The Journal of Clinical Endocrinology and Metabolism 04/2010; 95(6):2800-10. · 6.31 Impact Factor
  • Source
    [Show abstract] [Hide abstract]
    ABSTRACT: Variability of gene expression in human may link gene sequence variability and phenotypes; however, non-genetic variations, alone or in combination with genetics, may also influence expression traits and have a critical role in physiological and disease processes. To get better insight into the overall variability of gene expression, we assessed the transcriptome of circulating monocytes, a key cell involved in immunity-related diseases and atherosclerosis, in 1,490 unrelated individuals and investigated its association with >675,000 SNPs and 10 common cardiovascular risk factors. Out of 12,808 expressed genes, 2,745 expression quantitative trait loci were detected (P<5.78x10(-12)), most of them (90%) being cis-modulated. Extensive analyses showed that associations identified by genome-wide association studies of lipids, body mass index or blood pressure were rarely compatible with a mediation by monocyte expression level at the locus. At a study-wide level (P<3.9x10(-7)), 1,662 expression traits (13.0%) were significantly associated with at least one risk factor. Genome-wide interaction analyses suggested that genetic variability and risk factors mostly acted additively on gene expression. Because of the structure of correlation among expression traits, the variability of risk factors could be characterized by a limited set of independent gene expressions which may have biological and clinical relevance. For example expression traits associated with cigarette smoking were more strongly associated with carotid atherosclerosis than smoking itself. This study demonstrates that the monocyte transcriptome is a potent integrator of genetic and non-genetic influences of relevance for disease pathophysiology and risk assessment.
    PLoS ONE 01/2010; 5(5):e10693. · 3.53 Impact Factor
  • Atherosclerosis Supplements - ATHEROSCLER SUPPL. 01/2010; 11(2):99-99.
  • [Show abstract] [Hide abstract]
    ABSTRACT: Classic 21-hydroxylase deficiency (21HD) presents some traits of the metabolic syndrome. To characterize discrete alterations of lipid and carbohydrate metabolism in children and young adults with classic 21HD, which could predict early atherogenesis. Twenty-seven Caucasian patients with classic 21HD (4-31 years); 27 sex-, age- and BMI-matched controls. Clinical parameters, hormonal status and genotype were assessed in all patients. Lipid parameters, including relative (%) and absolute (mg/dl) small-dense low-density lipoproteins subfractions (sd-LDL) were measured in patients and controls. Oral glucose tolerance tests were performed in both groups. sd-LDL (%) was significantly higher in patients than controls (39.7 +/- 5.9 vs. 35.5 +/- 5.7%; p = 0.008). The same applies for absolute sd-LDL (mg/dl) (42.6 +/- 11.9 vs. 36.4 +/- 7.5; p = 0.029). HDL-cholesterol was lower in patients (p = 0.032). Fasting glucose and insulin were significantly higher in patients. Similar differences were noticed for HOMA-IR (p = 0.001), IRI (p = 0.001) and HOMA-B (p = 0.002). IRI correlated directly and significantly with the total hydrocortisone dose and the duration of treatment. Fasting glucose correlated with absolute sd-LDL. No obvious differences were seen between clinical forms or genotype groups. Substitution therapy should be adapted particularly at young ages to prevent early atherogenesis and cardiovascular risk in later life.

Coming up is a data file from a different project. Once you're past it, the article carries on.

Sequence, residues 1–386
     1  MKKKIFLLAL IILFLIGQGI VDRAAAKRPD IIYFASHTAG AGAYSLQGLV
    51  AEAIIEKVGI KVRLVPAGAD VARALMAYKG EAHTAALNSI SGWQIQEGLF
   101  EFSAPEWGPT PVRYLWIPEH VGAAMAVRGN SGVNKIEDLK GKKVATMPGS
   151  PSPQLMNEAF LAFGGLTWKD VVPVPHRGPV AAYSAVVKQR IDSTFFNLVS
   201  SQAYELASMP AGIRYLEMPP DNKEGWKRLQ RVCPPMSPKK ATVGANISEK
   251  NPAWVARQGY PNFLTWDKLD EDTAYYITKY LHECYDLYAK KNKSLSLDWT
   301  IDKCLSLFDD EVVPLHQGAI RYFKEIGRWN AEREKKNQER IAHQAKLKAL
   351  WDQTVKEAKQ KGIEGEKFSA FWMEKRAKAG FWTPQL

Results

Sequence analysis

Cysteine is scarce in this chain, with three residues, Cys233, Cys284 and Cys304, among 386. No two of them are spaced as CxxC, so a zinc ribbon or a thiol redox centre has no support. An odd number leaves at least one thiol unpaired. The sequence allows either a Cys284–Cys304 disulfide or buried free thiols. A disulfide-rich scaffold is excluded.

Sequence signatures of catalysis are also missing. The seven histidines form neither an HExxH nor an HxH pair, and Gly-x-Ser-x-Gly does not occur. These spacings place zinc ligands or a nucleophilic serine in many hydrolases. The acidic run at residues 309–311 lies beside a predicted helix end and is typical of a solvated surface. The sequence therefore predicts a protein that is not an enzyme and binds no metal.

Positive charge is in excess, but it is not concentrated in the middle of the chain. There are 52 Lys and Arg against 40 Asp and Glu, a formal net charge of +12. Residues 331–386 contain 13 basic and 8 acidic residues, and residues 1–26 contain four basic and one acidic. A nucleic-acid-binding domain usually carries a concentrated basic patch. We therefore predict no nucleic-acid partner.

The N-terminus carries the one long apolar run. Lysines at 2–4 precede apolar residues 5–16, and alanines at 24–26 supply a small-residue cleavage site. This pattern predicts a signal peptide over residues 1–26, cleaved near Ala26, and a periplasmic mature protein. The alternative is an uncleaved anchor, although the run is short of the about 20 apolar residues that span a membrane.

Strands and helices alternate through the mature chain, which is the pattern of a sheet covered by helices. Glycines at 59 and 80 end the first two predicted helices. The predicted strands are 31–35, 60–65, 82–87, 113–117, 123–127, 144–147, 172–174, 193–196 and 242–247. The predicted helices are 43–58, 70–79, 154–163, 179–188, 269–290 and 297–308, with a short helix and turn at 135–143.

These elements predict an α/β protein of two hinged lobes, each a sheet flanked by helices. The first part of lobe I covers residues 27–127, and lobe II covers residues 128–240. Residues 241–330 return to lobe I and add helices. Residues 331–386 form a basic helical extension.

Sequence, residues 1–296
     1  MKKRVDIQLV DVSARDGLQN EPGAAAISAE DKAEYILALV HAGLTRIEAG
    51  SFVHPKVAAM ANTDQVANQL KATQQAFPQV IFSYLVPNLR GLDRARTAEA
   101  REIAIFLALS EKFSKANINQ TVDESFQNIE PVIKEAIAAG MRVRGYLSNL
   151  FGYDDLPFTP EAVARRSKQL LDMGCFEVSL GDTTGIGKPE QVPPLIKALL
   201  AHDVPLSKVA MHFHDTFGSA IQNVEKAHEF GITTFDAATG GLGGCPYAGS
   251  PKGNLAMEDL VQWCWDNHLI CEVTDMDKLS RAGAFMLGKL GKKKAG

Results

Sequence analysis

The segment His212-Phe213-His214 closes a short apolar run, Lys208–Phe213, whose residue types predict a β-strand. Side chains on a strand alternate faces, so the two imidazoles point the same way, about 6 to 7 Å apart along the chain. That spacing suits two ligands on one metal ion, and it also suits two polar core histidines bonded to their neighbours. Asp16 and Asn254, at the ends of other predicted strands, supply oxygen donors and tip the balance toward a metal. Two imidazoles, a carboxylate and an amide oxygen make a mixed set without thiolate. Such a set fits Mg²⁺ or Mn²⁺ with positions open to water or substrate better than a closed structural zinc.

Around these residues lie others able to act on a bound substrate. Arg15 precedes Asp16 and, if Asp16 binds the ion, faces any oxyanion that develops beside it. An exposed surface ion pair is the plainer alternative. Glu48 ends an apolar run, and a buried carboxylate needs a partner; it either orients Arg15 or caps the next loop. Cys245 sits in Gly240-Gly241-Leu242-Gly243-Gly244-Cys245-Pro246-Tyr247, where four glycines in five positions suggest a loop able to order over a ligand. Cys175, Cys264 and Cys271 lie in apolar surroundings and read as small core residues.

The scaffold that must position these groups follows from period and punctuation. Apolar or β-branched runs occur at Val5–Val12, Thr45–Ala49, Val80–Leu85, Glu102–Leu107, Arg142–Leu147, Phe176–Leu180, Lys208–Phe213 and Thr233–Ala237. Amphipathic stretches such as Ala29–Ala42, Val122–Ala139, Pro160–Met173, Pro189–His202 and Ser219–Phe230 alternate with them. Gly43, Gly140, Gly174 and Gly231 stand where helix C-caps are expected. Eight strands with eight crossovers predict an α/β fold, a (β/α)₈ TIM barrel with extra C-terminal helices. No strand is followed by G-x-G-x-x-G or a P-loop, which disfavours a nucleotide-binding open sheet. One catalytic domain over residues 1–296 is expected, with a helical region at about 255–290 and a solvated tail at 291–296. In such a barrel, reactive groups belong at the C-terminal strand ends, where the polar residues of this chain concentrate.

Hormone Research in Paediatrics 01/2010; 74(1):41-9. · 1.55 Impact Factor
  • Source
    [Show abstract] [Hide abstract]
    ABSTRACT: Fabry disease is an X-chromosomally inherited lysosomal storage disorder leading to accumulation of glycosphingolipids, mainly globotriaosylceramide (ceramide-trihexoside, Gb3). Concentrations of Gb3 in plasma and urine have been used to diagnose Fabry disease and to monitor enzyme replacement therapy with recombinant alpha-galactosidase. Gb3 was purified from plasma or urine by combined liquid extraction/protein precipitation and solid-phase extraction, and was detected by flow-injection analysis electrospray mass spectrometry (MS) using multi-reaction-monitoring. Calibration was performed via standard addition using C17-Gb3 as internal standard. The most abundant isoforms were monitored for calculation of total Gb3. A MS-based assay for quantification of Gb3 in plasma and urine was established and validated. Intra- and inter-assay coefficient of variation (CV) of the method were <or=12%. However, at low concentrations the CV was 16%. The linear range covers roughly two orders of magnitude, down to 0.54 mg/L in plasma and 0.07 mg/L in urine. Careful adjustment of tuning parameters was necessary to obtain identical isoform intensities and quantitative results on different mass spectrometers. Gb3 concentrations in healthy controls were <4 mg/L in EDTA-plasma and <10 microg/mmol creatinine in urine. Significantly increased Gb3 concentrations were found in plasma and urine from male and female patients with Fabry disease. An improved MS protocol for Gb3 quantification has been developed, validated, and shown to be suitable for diagnosis and monitoring of Fabry patients.